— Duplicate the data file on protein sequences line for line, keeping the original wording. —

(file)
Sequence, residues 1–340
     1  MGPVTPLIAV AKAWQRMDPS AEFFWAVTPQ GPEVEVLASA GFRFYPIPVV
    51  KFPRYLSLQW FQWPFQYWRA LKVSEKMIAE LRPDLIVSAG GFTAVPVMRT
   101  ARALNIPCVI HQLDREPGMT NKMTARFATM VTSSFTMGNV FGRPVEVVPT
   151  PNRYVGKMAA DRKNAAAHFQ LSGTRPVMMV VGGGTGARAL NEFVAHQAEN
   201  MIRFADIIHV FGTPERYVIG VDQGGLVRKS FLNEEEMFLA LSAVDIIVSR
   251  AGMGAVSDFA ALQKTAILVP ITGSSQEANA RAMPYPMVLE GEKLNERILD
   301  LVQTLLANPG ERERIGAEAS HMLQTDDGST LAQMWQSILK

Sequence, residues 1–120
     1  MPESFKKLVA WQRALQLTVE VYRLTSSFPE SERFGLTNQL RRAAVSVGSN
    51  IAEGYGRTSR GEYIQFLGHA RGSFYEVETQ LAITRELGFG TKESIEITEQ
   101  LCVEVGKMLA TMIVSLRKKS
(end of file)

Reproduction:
Sequence, residues 1–340
     1  MGPVTPLIAV AKAWQRMDPS AEFFWAVTPQ GPEVEVLASA GFRFYPIPVV
    51  KFPRYLSLQW FQWPFQYWRA LKVSEKMIAE LRPDLIVSAG GFTAVPVMRT
   101  ARALNIPCVI HQLDREPGMT NKMTARFATM VTSSFTMGNV FGRPVEVVPT
   151  PNRYVGKMAA DRKNAAAHFQ LSGTRPVMMV VGGGTGARAL NEFVAHQAEN
   201  MIRFADIIHV FGTPERYVIG VDQGGLVRKS FLNEEEMFLA LSAVDIIVSR
   251  AGMGAVSDFA ALQKTAILVP ITGSSQEANA RAMPYPMVLE GEKLNERILD
   301  LVQTLLANPG ERERIGAEAS HMLQTDDGST LAQMWQSILK

Sequence, residues 1–120
     1  MPESFKKLVA WQRALQLTVE VYRLTSSFPE SERFGLTNQL RRAAVSVGSN
    51  IAEGYGRTSR GEYIQFLGHA RGSFYEVETQ LAITRELGFG TKESIEITEQ
   101  LCVEVGKMLA TMIVSLRKKS